In 2011, a radical documentary entitled Bully was globally released. The film, directed by Lee Hirsch, was an in-depth look at bullying among kids in the U.S. public school system. It was made largely as a response to the unfortunate circumstances of Tyler Long and Ty Smalley, two victims of bullying who took their own lives. Bully is promoted as a tool in fighting against these types of injustices. However, the film was slapped with an R-rating from the MPAA, which made it largely inaccessible to the young children and teens it was created for. After a long battle, the MPAA agreed to a PG-13 rating, provided the producers cut back on some of the profanity. Obviously, bullying has been a hot topic over the last few years, subject to many heated debates about how to handle the subject, and the bullies themselves, but it has always been an issue.
For decades, the film industry has been feeding on the public’s desire to get back at those who make them feel weak. Some explore the issue from a lighter perspective, but they all serve the same purpose as they create heroes (or anti-heroes) out of “losers”. And hey, who doesn’t like a good underdog?
In the 1990s, demonizing the “popular click” for their lack of compassion, and smarts, was pretty common. In fact, most teen pictures of the time were about finding your inner beauty and learning how to fit in without losing yourself. In Jawbreaker, the most popular girl in school is accidentally killed by her posse during a birthday prank. The attempt to cover-up their indiscretion is complicated when the school geek overhears the truth and in order to keep her from turning them in, the group decides to make her one of them. The trouble is, being popular is more difficult than she anticipated, and the girls are far meaner. When a member of the clan decides she’s had enough, she quickly learns what it’s like to be on the receiving end of their terrible ways, and must learn how to stand her ground and do the right thing in the face of bullying.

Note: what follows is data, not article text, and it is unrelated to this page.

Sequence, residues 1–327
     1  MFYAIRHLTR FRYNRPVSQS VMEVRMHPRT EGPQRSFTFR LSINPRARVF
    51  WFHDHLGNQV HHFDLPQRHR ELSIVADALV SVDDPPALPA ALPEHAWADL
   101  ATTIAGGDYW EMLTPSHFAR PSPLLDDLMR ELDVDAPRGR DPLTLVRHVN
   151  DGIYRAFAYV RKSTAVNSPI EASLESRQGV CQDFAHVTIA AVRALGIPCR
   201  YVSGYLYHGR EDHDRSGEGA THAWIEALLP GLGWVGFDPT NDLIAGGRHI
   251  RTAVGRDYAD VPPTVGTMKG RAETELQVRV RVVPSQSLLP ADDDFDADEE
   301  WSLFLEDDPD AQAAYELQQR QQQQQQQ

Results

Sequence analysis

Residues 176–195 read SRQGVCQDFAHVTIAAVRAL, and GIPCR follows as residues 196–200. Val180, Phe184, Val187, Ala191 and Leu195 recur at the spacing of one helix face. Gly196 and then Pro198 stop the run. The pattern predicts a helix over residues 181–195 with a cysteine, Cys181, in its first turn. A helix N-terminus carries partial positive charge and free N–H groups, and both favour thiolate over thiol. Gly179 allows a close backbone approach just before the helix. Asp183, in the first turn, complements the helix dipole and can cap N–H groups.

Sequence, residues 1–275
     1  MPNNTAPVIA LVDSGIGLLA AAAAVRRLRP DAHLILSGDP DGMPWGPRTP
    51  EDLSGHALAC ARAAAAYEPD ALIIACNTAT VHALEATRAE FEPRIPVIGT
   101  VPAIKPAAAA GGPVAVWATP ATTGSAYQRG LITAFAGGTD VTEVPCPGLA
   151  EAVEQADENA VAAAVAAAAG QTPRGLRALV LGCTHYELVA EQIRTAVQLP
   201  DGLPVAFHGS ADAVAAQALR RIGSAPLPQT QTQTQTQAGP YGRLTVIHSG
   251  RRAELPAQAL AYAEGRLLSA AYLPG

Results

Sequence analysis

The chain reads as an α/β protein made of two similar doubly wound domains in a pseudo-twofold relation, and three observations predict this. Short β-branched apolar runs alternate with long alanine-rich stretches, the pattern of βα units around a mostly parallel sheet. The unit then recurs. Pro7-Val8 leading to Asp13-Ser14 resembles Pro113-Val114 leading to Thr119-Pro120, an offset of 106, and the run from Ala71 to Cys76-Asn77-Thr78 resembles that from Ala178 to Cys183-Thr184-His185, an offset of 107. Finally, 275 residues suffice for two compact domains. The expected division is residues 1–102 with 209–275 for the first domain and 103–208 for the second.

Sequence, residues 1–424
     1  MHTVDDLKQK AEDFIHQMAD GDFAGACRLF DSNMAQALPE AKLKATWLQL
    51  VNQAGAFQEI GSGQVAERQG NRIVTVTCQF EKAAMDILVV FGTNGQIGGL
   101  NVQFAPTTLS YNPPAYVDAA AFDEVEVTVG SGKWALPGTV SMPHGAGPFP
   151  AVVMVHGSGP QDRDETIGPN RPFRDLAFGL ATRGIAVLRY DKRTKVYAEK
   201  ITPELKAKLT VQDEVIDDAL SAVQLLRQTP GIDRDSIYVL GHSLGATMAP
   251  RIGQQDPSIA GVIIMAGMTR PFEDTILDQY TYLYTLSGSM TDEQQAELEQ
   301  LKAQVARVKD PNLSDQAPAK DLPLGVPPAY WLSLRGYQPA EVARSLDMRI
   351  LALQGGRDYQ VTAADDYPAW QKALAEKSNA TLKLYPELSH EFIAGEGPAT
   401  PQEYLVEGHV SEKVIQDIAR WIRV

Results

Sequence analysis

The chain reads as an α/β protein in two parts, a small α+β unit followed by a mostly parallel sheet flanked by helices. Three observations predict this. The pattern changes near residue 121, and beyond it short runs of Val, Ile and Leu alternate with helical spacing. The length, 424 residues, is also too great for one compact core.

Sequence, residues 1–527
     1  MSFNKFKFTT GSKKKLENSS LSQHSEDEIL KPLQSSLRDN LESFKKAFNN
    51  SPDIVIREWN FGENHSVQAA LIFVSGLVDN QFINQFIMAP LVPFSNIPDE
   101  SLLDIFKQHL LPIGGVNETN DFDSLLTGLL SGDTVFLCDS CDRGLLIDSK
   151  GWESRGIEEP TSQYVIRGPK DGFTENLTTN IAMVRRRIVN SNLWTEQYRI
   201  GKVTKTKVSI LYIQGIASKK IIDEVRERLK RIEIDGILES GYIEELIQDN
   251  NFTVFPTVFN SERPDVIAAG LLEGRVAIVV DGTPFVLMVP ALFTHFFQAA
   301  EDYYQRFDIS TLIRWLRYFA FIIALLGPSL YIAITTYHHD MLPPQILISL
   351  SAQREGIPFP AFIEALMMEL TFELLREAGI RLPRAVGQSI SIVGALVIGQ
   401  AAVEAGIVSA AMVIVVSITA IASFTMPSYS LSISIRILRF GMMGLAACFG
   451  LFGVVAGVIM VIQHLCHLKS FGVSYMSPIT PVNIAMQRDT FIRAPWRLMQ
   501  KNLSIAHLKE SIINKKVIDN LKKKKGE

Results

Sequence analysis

This remake of the 1978 slasher classic took the story in a whole new direction, when they decided to address where the rage of Michael Meyers stems from. To do so, Michael’s childhood is outlined as being full of violence, at home and in school. Dealing with the trouble at home transfers to Michael’s school life, where he is tormented for his mother’s sex-work and sister’s bad reputation. To make matters worse, his own desire to hide from the world saddles him with a peculiar attachment to masks – only more reason for the bullies to come after him. A total outcast, his character becomes rather sympathetic, which makes it all the more difficult to watch his transition to psycho-killer. Not surprisingly, he goes after his bully first and the film is sure to make a point to stretch out his murder thus emphasizing the severity of his actions against Michael.
7. Mean Girls
One of the most beloved teen films of its generation, Mean Girls does a great job at covering all of the emotions involved in being bullied. When the new girl, Cady arrives in her first American high school, she has no idea what to expect. Worse, she doesn’t understand the catty laws that rule the halls. What she misconstrues for niceness leads her to desire fitting-in before she even knows what has gotten into her, despite the warnings of outcast Janice. But when the tables turn and the mean girls focus their energy on ruining Cady, she is devastated for just long enough to realize she doesn’t have to put up with their shenanigans. Instead, she looks to get even. Both her rage and revenge is presented with a topping of catharsis for anyone who has been to a public school. And the best part is the kind-of happy ending, when the bullies finally realize the error of their ways and decide to, well, grow up.
6. Romy and Michele’s High School Reunion
After years of being taunted and laughed at, Romy is happy to be out in the real world with her BFF Michele. But when their high school reunion rears its ugly head, all of the bad feelings return. In an attempt to earn the respect of their former classmates, Romy convinces Michelle that they should brew up a bunch of lies to shove in everyone’s faces. The trouble is, lying is never the answer. As things grow tenser, Romy’s overwhelming desire to impress the old bullies puts a riff between the two girls and if it can ever be repaired, they will have to learn how to get comfortable standing up for themselves. This one is full of laughs and has a great message.